Micro-wind turbines in urban environments - an assessment

Phillips, Richard; Blackmore, Paul; Anderson, Jane; Clift, Mike; Aguilo-Rullan, Antonio and Pester, Steve (2007). Micro-wind turbines in urban environments - an assessment. Watford: BRE Press.

Abstract

There is little experience of the operation of small wind turbines mounted on domestic buildings in urban environments and little data on their performance in terms of power generation, service life and maintenance.

This BRE Trust-finded study shows that, in addition to the initial embodied carbon and efficiency of the turbine, the payback period is highly sensitive to local wind conditions, transport costs, maintenance requirements and the life of the turbine. It reveals large variations in output of micro-wind turbines in a city such as Manchester and a windy location such as Wick in Scotland, and between the outskirts and town centres in windy locations.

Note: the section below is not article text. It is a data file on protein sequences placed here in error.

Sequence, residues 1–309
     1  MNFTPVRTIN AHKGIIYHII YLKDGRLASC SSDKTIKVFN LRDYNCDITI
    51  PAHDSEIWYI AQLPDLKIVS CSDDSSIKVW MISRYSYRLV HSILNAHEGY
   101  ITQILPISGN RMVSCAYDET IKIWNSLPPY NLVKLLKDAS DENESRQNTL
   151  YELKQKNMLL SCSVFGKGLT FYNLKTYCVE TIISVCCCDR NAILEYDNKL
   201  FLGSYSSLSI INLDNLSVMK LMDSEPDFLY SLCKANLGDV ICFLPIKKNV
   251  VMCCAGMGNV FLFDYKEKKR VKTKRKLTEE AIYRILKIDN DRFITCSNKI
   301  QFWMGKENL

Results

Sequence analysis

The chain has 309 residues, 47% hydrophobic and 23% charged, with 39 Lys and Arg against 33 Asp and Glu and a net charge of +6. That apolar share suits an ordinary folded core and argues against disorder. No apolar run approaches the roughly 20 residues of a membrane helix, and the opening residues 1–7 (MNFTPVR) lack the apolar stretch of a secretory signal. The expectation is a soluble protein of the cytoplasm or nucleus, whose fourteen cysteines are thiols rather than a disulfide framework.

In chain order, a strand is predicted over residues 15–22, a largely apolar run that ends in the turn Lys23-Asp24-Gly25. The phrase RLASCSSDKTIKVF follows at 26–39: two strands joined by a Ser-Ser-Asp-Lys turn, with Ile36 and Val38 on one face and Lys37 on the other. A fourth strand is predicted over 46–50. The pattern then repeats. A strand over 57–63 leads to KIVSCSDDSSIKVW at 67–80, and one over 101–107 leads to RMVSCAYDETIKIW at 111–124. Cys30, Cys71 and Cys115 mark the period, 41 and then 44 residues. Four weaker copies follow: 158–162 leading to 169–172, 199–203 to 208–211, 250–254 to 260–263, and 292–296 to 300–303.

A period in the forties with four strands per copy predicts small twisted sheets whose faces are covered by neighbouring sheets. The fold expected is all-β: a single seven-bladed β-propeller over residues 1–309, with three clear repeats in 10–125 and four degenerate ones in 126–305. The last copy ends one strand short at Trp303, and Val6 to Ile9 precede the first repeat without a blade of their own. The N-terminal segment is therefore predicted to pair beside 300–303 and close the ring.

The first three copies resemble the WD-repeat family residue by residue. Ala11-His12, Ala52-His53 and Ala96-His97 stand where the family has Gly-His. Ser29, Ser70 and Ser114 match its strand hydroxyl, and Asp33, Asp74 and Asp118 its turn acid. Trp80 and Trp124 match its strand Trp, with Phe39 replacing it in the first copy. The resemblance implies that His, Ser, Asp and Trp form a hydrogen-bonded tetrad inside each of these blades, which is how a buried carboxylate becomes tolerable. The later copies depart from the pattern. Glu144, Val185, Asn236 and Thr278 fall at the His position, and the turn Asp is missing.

In windy locations, micro-wind turbines can generate enough energy to pay back their carbon emissions within a few months or years but in large urban areas, micro-wind turbines may never pay back their carbon emissions. Life cycle costing suggests that, even in favourable urban locations, financial payback is unlikely for all but the most durable, efficient and low maintenance turbines.

This work confirms the need for a more rigorous method for estimating the electricity generated from building-mounted micro-wind turbines and for research and innovation in technology, planning and urban design to maximise the effectiveness of the turbine installations.

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